This has been known since St. Thomas Aquinas formulated some of these arguments and others promptly refuted them, conclusively. Some people, however, never seem to learn. We now see these same arguments resurrected with "intelligent designer" substituted for "God". That makes no difference at all. The arguments are still specious.

Arguments of this sort do not convince people to accept the notion of a god. They are not the reasons that people believe. These arguments are only used by folks who already believe in god, in hopes of convincing others to believe. They were invented as an atempt to rationalize an already-existing irrational belief. For one who has no pre-existing belief, these arguments carry no persuasive power.

Exercise for the reader. Using our four "faults of reasoning", demolish each of the ten "proofs for a deity". Easy, isn't it?

Are these arguments worth the trouble of refuting?

The detailed individual refutations of "proofs" of a god are, perhaps, yielding too much to theists, for the refutations are often cast using the same logic as the "proofs" themselves, and sometimes even implicitly accept the questionable premises that the religious apologists use. Some say we should rather criticize the very process of attempting to use pure logic to attempt to prove anything about the universe. Certainly we scientists know that is futile and unacceptable. But the critics of theism are not debating with scientists. To use a person's own methods of argument to refute his argument is a worthwhile thing to do. It ought to shift the argument to other grounds if both parties are thinking rationally.

Also, I would quibble that the word "proof" is entirely inappropriate here. Proof is something you do in pure logic and pure mathematics, which are symbolic systems that by themselves tell us nothing about the so-called "real world" of experience, and certainly nothing about the supernatural. Mathematics can serve as a descriptive modeling tool in science, and a very powerful one. But the laws and theories of science are limited by the always not-quite-perfect data. When scientists are careful with their language, they never claim to "prove" anything in science and never claim "absolute truths" of any kind. This is a point many non-scientists do not appreciate.


Knowing what
thou knowest not
is in a sense

    —Piet Hein

Theists aren't always careful with the their use of the concepts of "truth" and "proof". But if they are going to claim to make any argument from scientific premises, they had better play the science game correctly. For the same reason that science cannot claim proofs and truths, so theists cannot use science to claim proofs and truths.

So let's leave proof and truth out of the discussion and simply ask, "Are any of these arguments for a god or intelligent design even suggestive or plausible or at all persuasive of the possibility of a god?" Not at all. Of course, one could argue that "anything is possible" so long as you don't have to supply credible evidence for it. That's what fairy tales and science fiction do.

Nor do the theists have any cause to shift the argument to the skeptics and demand "Prove that a god can't exist." Sorry, no one can do that any more than anyone can prove that a god could exist.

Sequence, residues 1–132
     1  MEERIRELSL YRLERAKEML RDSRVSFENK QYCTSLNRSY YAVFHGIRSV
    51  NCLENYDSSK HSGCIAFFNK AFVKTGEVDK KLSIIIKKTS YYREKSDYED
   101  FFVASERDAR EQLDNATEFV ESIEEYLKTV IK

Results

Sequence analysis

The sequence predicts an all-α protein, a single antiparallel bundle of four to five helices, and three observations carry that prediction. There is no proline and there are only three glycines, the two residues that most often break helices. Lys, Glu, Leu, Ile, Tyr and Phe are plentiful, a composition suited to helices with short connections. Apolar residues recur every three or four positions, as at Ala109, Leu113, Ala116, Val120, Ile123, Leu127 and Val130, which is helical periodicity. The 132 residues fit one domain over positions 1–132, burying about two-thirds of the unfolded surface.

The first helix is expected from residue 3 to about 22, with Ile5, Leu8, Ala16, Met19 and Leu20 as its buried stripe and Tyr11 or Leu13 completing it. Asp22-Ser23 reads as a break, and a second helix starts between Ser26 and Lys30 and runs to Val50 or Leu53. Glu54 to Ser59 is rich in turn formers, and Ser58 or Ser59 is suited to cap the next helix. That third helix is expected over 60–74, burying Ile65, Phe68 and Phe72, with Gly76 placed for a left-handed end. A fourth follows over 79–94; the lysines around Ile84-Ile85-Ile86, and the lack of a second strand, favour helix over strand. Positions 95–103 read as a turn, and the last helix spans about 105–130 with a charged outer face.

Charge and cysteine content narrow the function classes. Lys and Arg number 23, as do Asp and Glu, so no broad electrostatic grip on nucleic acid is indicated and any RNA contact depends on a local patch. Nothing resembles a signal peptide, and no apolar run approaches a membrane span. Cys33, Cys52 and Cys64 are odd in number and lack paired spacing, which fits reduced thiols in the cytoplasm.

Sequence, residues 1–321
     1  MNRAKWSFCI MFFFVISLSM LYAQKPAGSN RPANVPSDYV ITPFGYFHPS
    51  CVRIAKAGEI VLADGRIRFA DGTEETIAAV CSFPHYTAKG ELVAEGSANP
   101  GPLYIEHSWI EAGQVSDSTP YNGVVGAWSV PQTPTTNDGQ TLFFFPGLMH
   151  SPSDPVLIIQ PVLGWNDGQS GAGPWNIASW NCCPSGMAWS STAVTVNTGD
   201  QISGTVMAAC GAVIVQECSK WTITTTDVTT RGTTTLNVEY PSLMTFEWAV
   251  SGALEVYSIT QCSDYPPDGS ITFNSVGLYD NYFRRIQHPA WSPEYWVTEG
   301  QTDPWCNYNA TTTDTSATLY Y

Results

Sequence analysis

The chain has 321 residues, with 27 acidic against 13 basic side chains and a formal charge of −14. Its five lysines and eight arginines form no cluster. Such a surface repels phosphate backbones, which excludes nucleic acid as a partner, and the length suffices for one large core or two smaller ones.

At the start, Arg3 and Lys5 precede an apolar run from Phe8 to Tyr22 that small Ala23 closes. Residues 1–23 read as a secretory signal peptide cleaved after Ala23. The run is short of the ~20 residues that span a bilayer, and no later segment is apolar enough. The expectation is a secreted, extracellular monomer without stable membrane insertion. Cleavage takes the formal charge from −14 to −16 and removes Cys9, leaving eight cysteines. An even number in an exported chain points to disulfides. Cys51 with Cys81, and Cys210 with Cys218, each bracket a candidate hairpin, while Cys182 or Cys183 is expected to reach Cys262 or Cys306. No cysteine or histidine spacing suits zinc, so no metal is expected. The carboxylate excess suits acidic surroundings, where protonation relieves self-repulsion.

Appropriate bumper sticker for theists: Preserve the Illusion.

Since there's no evidence nor reason to even suppose that there's a god or intelligent designer, and no way to establish that there isn't, what should one believe? Well, why should anyone believe anything about that question? If there's no way to do something, then it's foolish to try to do it. If there's no way to answer some questions, then why invent answers and engage in futile efforts to justify those answers? While one could imagine a god, or many gods, or many other fantastic illusions, why should one do so? And, why should one (as some do) carry it one step further and "believe" in such an imagined entity? I mean the "industrial strength belief" of religions, the belief that will not even entertain the possibility that the belief could be wrong.

If scientists were to accept the intelligent design theory as truth, that would not in any way aid the course of science, would not enhance scientific understanding, would not change any scientific fact, law, or theory. It would be simply irrelevant. —DES

So am I saying one isn't justified in believing anything? That's exactly what I'm saying; though remember that I'm talking about "absolute belief", or theistic belief. Of course I believe the sun will (probably) rise tomorrow, and I believe that if you were to jump naked from a very tall skyscraper you have scant chance of surviving. But these are weaker beliefs, the kind of provisional belief we have in certain well-established scientific principles and observations, justified because we have good evidence that nature's behavior is lawful and reliable. We can have very strong confidence in certain regularities of behavior of things we observe. Here we are dealing with things in the universe apprehensible to our senses. But when we talk about things not accessible to our senses nor to any method of experimental observation, we are totally unjustified in holding absolute beliefs of any kind about them.

When we talk about things not accessible to our senses nor to any method of experimental observation, we are unjustified in beliefs of any kind about them. —DES

Scientists are not about to found a religion based on their "belief" in the law of gravitation. Science can get along quite well without ever using the words "belief" and "truth". Religious beliefs have no use in science, and science tells us nothing about the beliefs of religions.

Am I saying the universe has no purposeful designer and no purpose? No one can say one way or the other. But all the evidence of our experience indicates that the universe operates quite well without purpose. There is no evidence of any "driving purpose" in nature. Does this mean that our lives are without meaning? That, is, I think, a meaningless question, upon which far too much ink has been wasted.

If theists were to say "Maybe there is a god", the conflict between religion and science might cease. —DES

We ought to accept and try to understand the universe that we can observe, and can discover some useful things about. The universe is all we know or can know, all else is unverifiable fantasy. We ought to be content to live with that fact and make the best of it.

To sum up, religions are emotionally appealing invented fantasies. Their claims can't be proven or disproven, nor is there any evidence that is even suggestively supportive of their claims. Religions would be relatively harmless if only people didn't believe in them.

    —Donald E. Simanek, Feb 3, 2006.
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Top of page.

Intelligent Design Creationsm: Fraudulent Science.
The Evolution Deniers.
Intelligent Design: The Glass is Empty.
Order from Disorder. Creation in Everyday Life.
Random Thoughts on Randomness.
Is The Real World Really Real?
Uses and Misuses of Logic.
The Scientific Method.
Theory or Process?
Is Intelligent Design an Interesting Philosophical Idea?
Why not Angels?
What's bugging the creationists?
Summary and Conclusions.